- Activist investor said to question timing of DuPont merger
- Loeb said to send letter to Dow board outlining concerns
Dan Loeb, the founder of hedge fund Third Point, is calling for the removal of Dow Chemical Co. Chief Executive Officer Andrew Liveris, days after the company agreed to combine with DuPont Co. in the largest-ever chemicals merger, according to a person familiar with the matter.
Loeb supports the deal but, in a letter sent to Dow’s board on Saturday, questioned the timing of its announcement on Friday, just two days before the expiration of a standstill agreement between Dow and the hedge fund, said the person, who asked not to be identified because the letter hasn’t been published. Loeb is concerned the merger may have been rushed to beat the expiry of the accord, the person said. Loeb declined to comment on the letter.
Third Point holds a 2 percent stake in Dow and last year criticized its financial performance. Loeb had urged Liveris to separate Dow’s plastics and petrochemicals operations from faster-growing businesses such as crop seeds. In November 2014, soon after Third Point initiated a proxy contest, Dow agreed to turn over two board seats to nominees of the hedge fund. The two sides also agreed to the standstill arrangement, which barred either one from publicly disparaging the other.
Dow and DuPont said their all-stock merger of equals will create a company, DowDuPont, valued at about $130 billion, a first step toward eventually creating three new businesses focused on agriculture, plastics and materials, and specialty-chemical products. Liveris, who’s also chairman of Dow, is slated to become executive chairman of the merged company. DuPont Chairman and CEO Ed Breen will become CEO of the new company.
Directors of Midland, Michigan-based Dow, including the two nominated last year by Third Point, “are unanimously and fully supportive of the announced merger," Dow said in an e-mailed statement. "We stand by both our and DuPont’s boards’ unanimous decisions to conduct this transaction." Nine of Dow’s 12 board members excluding Liveris issued individual statements supporting management and the merger, including Raymond Milchovich and Robert S. Miller, the Third Point nominees who became directors in January.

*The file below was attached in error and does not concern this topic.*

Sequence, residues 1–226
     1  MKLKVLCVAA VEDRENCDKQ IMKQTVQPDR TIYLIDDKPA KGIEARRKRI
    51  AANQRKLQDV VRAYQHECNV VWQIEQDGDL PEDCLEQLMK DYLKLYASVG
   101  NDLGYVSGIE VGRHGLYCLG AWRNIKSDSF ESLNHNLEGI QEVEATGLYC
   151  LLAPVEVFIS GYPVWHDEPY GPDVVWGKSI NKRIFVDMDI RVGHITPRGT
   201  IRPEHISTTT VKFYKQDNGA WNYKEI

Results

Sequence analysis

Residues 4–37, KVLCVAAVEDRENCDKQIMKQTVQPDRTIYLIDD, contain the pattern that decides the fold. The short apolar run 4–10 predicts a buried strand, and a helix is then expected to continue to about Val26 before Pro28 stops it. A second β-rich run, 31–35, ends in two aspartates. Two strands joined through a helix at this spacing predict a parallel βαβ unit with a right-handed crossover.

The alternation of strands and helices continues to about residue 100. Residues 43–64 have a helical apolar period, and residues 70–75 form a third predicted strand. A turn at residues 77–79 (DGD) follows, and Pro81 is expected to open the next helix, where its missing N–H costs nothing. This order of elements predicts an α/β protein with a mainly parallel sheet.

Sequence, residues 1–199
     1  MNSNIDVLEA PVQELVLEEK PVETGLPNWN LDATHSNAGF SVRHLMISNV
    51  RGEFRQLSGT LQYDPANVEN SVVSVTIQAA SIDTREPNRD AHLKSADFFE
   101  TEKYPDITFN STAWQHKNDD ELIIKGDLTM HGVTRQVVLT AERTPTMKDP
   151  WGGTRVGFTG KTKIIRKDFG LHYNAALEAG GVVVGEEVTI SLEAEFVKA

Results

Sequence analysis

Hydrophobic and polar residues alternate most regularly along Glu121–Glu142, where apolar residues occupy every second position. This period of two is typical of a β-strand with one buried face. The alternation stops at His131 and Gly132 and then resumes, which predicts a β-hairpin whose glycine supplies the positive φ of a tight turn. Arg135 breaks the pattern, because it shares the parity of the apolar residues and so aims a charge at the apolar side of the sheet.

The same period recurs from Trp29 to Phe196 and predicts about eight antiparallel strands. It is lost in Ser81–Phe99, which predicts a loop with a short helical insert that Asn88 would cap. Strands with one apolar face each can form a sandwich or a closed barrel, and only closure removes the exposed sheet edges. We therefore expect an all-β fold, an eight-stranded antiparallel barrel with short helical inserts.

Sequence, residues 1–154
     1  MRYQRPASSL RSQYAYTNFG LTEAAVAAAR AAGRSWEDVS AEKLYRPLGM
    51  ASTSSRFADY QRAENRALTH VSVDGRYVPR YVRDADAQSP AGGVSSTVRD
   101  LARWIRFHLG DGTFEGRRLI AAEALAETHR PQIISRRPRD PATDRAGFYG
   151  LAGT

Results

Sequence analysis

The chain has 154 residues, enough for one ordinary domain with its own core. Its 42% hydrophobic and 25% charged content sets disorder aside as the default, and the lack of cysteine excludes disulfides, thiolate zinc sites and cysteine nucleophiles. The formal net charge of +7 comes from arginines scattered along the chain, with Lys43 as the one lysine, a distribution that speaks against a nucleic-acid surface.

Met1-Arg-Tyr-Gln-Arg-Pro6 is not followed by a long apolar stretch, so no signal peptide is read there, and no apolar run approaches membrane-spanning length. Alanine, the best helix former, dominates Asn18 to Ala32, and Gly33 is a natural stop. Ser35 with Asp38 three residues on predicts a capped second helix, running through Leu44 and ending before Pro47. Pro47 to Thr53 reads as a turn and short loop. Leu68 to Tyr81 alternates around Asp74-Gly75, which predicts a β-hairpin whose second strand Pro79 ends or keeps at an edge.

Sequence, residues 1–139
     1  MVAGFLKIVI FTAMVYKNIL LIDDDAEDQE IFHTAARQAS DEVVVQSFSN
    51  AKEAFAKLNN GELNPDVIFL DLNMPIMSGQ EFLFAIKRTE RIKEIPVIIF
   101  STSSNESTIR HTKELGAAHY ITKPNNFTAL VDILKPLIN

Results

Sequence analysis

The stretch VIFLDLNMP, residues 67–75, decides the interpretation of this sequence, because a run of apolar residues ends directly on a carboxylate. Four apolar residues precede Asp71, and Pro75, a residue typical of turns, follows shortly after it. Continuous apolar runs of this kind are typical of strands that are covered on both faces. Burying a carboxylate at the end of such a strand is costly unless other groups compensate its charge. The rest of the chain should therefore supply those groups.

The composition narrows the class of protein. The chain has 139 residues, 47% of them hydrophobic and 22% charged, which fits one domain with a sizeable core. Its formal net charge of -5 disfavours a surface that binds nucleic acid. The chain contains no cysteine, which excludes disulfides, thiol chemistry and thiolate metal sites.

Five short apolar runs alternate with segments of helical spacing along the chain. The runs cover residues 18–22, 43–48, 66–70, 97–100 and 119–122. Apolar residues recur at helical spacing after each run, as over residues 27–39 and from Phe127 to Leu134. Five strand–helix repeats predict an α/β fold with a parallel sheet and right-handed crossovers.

Loeb said in his letter, which was first reported by the Wall Street Journal, that naming Liveris chairman of DowDuPont is an insult to Dow investors and that the 61-year-old CEO shouldn’t have a role following the merger. Earlier this month, Loeb complained about Dow’s shareholder returns and called for a search for a new CEO, the person said. He has also questioned whether investors are funding Liveris’s personal spending, according to the person.
Liveris repaid $719,923 in 2011 after a fraud investigator found Dow had paid for his family trips to the Super Bowl, World Cup and Masters Tournament, as well as an African safari. The fraud investigator made other allegations about the CEO’s spending in a whistle-blower lawsuit filed after she was fired. Dow said in February it had “reached an amicable settlement” with the former employee.
Loeb, 53, concentrates on event-driven investing, or trading in stocks or bonds of companies going through mergers, spinoffs or other changes. He’s gained notoriety on Wall Street for his sometimes sharply worded letters criticizing the performance and management of companies his hedge fund is invested in. Other targets in recent years have included Sony Corp. and Yahoo! Inc., where Loeb forced the ouster of CEO Scott Thompson.
DuPont has also come under pressure from an activist investor in the past two years. Trian Fund Management has argued that the company should be broken up to save costs. The investment firm, co-founded by Nelson Peltz, fought and lost a proxy contest in May but continued to hold a stake in DuPont.
Merging Dow and DuPont, followed by the creation of three more narrowly focused companies that will be leaders in their respective areas, had initially appeared to give both Third Point and Trian much of what they had sought. Trian said Friday it participated in the merger talks and fully supports the deal, which is “a great outcome for all shareholders.”
DuPont fell 3.6 percent to $67.92 in New York while Dow dropped 3.9 percent to $51.29.